I have bought new shoes.
They are outrageously, irresponsibly, ridiculously high. Six inches, at least.
I never wear heels. I have no need now: barefoot and shorts-clad in the Outpost, the only thing between my soles and the floor, a slippery talc of dust. Where on earth will you wear them, my Head demands in irritation, what a waste it tuts, crossly.
But I have bought heels. Higher than any I have ever worn.
My Heart wasn’t listening.
I laughed as I tried them on, teetering around a store. Some observers smiled, some looked on po-faced: I am too old to be lurching, giggling giddy across a shop floor to the amusement of my eleven year old daughter.
Go on Mum! Get them, urged Hat.
I warned my big kids, ‘When I go to England, I’m buying heels’, I said.
I am shorter than my two eldest children now. And smaller and lighter than my son who is seventeen today. Once I could pick him up. Now he does me, clean off my feet, hugging me in an embrace so tight he winds me with his man-child strength. And with the joy, the sheer beautiful take-your-breath-away unexpectedness, that at 17 he still, sometimes, wants to hug his mother.
And Amelia, willowy slender, clasps me so that my head fits snug into the curve described by her shoulder and neck. My face beneath her chin. My skin, lined and pummelled by the march of time, the tread of three children who have added more to laughter lines than to the frown that folds between my brows (that’ll be squinting too often into an African sun because I cannot locate my dark glasses) looks parchment-old against the smooth alabaster of her fourteen year old one.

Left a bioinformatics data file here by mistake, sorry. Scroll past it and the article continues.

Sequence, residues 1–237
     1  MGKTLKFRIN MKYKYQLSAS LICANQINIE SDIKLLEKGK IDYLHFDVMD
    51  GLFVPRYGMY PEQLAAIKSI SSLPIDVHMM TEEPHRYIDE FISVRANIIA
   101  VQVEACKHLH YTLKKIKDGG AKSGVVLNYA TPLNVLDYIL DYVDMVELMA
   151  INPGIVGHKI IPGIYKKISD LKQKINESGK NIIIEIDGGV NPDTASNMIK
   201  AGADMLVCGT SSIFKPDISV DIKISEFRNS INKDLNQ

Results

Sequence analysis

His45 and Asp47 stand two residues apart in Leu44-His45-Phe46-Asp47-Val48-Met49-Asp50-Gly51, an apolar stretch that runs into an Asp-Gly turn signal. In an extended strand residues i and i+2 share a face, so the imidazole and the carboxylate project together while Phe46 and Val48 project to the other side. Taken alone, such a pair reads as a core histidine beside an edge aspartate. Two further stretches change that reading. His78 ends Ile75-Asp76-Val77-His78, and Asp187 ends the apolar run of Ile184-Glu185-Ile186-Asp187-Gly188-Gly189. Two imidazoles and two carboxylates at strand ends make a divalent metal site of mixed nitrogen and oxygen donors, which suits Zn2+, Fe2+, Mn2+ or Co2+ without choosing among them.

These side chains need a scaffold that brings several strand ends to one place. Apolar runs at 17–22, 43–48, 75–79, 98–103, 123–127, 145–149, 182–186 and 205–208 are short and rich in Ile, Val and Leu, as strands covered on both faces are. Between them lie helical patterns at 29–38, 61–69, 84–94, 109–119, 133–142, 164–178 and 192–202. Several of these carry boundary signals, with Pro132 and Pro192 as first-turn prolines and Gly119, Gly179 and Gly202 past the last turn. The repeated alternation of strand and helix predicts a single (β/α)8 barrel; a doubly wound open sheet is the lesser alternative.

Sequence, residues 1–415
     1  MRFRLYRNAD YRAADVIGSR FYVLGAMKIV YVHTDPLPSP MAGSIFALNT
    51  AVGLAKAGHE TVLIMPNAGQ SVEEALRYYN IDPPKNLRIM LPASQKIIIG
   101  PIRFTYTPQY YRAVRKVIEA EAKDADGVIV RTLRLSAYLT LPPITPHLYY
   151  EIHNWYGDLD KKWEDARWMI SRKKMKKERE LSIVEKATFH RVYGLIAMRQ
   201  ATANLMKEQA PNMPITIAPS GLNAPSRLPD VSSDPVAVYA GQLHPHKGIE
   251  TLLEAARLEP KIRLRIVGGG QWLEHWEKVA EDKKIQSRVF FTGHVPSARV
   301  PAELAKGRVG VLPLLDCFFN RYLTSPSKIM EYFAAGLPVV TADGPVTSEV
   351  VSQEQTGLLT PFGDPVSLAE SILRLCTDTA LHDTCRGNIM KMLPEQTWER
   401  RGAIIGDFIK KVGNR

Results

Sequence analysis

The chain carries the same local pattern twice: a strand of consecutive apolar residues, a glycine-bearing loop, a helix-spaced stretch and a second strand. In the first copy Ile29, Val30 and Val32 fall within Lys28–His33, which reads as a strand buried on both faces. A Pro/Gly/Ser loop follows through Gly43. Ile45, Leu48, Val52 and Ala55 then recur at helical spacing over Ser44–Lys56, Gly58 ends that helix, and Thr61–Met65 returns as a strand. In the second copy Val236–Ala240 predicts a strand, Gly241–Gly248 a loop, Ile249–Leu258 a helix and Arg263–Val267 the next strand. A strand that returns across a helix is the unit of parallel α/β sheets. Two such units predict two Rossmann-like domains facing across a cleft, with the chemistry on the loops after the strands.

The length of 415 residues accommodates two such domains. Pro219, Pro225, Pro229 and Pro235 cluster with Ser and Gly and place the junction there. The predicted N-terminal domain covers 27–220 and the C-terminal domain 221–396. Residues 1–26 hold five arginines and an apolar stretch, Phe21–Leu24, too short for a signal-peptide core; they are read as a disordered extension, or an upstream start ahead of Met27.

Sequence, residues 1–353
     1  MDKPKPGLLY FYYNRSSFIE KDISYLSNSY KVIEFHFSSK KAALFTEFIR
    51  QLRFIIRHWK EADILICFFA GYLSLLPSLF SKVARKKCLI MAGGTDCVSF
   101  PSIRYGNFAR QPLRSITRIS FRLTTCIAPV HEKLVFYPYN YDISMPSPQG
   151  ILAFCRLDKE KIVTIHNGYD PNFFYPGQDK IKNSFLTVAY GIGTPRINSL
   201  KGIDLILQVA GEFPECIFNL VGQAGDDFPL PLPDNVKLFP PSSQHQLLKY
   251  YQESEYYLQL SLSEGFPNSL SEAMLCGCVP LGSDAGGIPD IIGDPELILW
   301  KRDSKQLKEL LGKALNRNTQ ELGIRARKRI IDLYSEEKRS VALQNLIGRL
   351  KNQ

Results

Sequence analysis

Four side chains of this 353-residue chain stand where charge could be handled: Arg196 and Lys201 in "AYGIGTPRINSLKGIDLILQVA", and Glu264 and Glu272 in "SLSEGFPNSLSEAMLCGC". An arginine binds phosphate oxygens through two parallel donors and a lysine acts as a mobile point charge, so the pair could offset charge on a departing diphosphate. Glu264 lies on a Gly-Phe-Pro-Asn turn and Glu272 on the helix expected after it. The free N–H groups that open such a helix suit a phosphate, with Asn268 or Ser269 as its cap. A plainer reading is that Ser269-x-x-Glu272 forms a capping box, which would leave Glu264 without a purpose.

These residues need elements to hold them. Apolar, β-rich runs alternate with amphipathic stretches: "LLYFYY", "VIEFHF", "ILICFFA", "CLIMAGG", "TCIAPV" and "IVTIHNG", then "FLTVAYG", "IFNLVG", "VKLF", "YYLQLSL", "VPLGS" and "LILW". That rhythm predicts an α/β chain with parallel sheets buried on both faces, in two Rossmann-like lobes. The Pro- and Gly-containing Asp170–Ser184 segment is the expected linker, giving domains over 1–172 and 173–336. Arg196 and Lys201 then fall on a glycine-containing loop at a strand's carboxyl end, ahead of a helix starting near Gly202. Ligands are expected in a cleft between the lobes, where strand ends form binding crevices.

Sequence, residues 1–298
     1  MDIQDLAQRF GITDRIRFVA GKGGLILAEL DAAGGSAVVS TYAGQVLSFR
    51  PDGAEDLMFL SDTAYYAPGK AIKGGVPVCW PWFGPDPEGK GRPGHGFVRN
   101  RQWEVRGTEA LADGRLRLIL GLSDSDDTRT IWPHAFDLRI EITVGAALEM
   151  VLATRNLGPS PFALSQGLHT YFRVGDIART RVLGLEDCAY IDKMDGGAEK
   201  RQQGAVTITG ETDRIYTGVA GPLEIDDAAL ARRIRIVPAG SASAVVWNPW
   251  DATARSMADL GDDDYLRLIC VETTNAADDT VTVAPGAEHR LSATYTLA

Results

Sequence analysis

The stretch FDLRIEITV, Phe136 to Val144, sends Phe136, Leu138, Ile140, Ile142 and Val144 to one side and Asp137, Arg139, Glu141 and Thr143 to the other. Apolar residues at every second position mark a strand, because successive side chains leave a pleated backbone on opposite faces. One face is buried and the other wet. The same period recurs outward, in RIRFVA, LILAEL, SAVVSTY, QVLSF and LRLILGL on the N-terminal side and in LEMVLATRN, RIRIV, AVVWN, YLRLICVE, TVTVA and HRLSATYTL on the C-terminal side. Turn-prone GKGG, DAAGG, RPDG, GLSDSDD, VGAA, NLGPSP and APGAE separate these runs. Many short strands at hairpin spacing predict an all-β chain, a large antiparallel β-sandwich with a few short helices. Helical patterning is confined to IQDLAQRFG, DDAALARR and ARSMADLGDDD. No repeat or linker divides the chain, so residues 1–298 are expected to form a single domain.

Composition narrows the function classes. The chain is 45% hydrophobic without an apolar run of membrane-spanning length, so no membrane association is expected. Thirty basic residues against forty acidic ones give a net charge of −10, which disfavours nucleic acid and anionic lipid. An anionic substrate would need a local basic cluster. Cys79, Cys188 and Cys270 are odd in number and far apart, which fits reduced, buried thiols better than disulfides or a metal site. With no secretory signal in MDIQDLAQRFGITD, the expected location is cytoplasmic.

They chuckle, my two big kids, ‘Come, little mama’, they tease and manhandle me to remind me that they can. Now.
Once it was I who lifted them, swung them upwards and in dizzying circles, round and round, higher and higher, and shrieked weeeeeeeeeee to rapturous applause of their delighted laughter: encore mama, encore. And so again, weeeeeeeeeee. Because I could. Then.
And when I read to them, at bedtime, their sweetly intoxicating Baby Shampoo scented heads close enough to plant random kisses upon, near enough so that I might inhale deeply and any still busily worrisome whirling dervish thoughts be stilled by that unrivalled high. When they drooped, sleepy, curled against my body, beneath my arm, beside my hip, soft child-flesh filling angular shapes. A perfect, perfect fit. The last piece of a jigsaw puzzle; the one you’d been looking for.
I didn’t just buy heels so that I could smile at their expressions when they noticed my new found elevation.
I bought heels so that I could buy some time. Fill a space again. So that – briefly – I might feel the shape of their heads against my shoulder.
Mind the gap, Mum, Hat will warn as I board the train, tottering perilously on my precipitous new heels.
Sometimes you don’t notice it until it’s too late, see.
There’s a new page on my blog, a link to the right of this, Mind the Mummy Gap. If you can bear to, please click on it.
Thank you. x